In mid-September commuters using the 4th Avenue/9th Street Station saw something very unusual. Behind the gates in eight of the ten new store front windows along 4th Avenue and 10th Street, the eagerly awaited temporary art installation, promised to the Civic Council during a station-focused public meeting in February 2015, appeared. The eight landscape scenes, created by local artist Francesco Simeti (who lives on 10th Street), depict a gentle Gowanus landscape from back in the day when the area was a salt marsh. Here’s a link to some more beautiful photos, with some kind words about PSCC’s industrious FOFA Committee!
The Metropolitan Transit Authority (MTA) installed the art work with no fanfare, but we think it is an event that merits celebration, marking a process that began almost a year ago, when FOFA/PSCC organized a coalition of 9 local community organizations (Arts Gowanus, Brooklyn Center for Independence of the Disabled, Fifth Avenue Committee, Gowanus Canal Conservancy, Make Brooklyn Safer, Old Stone House & Washington Park, Park Slope Neighbors, and Transportation Alternatives) to plan, promote and participate in a “pop-up” event, designed to show how the station could be enlivened and reflective of the community.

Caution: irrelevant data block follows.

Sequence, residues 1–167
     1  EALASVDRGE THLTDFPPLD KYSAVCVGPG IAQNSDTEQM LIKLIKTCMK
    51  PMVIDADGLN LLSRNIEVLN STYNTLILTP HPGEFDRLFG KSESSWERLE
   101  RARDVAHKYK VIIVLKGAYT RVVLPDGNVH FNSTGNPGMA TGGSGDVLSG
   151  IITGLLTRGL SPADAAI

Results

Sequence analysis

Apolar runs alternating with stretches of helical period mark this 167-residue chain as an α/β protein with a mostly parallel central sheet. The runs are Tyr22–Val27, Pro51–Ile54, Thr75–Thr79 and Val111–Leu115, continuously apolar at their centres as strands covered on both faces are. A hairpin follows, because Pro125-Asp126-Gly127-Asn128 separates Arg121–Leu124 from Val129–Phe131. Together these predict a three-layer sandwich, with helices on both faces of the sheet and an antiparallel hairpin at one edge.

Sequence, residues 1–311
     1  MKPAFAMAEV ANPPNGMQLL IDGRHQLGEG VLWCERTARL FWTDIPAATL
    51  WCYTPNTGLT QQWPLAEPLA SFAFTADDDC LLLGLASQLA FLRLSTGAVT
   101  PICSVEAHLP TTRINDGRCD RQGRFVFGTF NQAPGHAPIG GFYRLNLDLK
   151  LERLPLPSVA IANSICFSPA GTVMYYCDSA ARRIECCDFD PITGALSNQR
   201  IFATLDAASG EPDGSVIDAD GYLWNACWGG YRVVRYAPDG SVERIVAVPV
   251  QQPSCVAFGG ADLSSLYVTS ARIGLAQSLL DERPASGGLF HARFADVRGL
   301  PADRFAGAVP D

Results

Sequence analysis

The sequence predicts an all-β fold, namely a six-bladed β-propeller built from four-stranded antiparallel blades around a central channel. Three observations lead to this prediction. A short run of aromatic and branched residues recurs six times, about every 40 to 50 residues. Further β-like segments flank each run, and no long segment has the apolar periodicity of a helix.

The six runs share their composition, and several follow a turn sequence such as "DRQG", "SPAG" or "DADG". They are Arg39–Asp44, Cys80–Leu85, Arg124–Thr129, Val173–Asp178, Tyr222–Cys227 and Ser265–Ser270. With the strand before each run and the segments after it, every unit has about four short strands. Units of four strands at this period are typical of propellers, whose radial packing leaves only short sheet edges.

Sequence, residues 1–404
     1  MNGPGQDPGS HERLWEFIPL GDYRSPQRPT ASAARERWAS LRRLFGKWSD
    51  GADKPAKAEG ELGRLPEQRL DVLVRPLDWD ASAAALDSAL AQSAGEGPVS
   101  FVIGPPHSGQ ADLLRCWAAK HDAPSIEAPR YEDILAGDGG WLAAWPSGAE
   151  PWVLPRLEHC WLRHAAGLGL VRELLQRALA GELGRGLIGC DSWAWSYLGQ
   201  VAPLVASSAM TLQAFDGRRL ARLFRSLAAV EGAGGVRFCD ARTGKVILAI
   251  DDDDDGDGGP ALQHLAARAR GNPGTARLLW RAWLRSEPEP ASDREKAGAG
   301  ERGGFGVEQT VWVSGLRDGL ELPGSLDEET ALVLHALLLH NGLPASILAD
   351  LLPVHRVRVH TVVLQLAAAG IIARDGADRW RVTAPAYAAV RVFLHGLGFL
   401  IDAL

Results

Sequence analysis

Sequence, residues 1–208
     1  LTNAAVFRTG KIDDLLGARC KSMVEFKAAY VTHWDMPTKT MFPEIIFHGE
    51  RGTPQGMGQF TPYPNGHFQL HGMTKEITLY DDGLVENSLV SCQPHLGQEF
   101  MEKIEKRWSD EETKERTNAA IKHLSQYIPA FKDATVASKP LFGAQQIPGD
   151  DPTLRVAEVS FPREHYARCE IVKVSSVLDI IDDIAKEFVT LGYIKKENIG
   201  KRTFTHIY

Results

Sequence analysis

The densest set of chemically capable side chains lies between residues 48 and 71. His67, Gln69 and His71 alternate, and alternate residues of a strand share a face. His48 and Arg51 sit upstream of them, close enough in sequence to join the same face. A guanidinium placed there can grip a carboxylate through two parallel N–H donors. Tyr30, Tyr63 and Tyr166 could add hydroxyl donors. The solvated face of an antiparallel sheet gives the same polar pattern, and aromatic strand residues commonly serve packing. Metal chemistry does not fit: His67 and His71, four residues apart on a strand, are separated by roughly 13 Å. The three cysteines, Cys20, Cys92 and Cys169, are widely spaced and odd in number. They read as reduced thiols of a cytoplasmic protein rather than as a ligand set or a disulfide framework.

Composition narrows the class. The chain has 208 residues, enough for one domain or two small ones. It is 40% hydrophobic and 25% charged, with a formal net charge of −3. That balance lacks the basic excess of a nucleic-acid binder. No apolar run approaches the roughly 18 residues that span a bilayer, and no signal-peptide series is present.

Following spirited prop-making workshops, made possible by funding through ioby, the “pop-up” event was held in November 2014. Coincidentally, after the date of the event was announced, the MTA announced that the scaffolding which had been shrouding the station for four years was coming down on the very same day. As part of an agreement to hold our event at Washington Park, the MTA agreed to the February public meeting to bring neighbors up to date on the timetable for MTA work.
That February meeting also resulted in a walk through of the station with representatives from the MTA and the Department of Transportation (DOT) to identify areas where non-major capital improvements could be made. Subsequently the MTA improved interior lighting, installed “you are here” maps, correctly oriented, on both sides of the 4th Avenue exits, repaired the step leading into the station, and installed clarifying signage about the west-bound R trains.
We hope you will take a look at the new art, which can be a little hard to see because of the dim light under the station bridge on 4th Ave. (Are you listening, MTA and DOT?!) It will remain in place until the stores are rented next year.
We have included some photos of the art below, but urge you to visit and take a look – the photos don’t do the art work justice.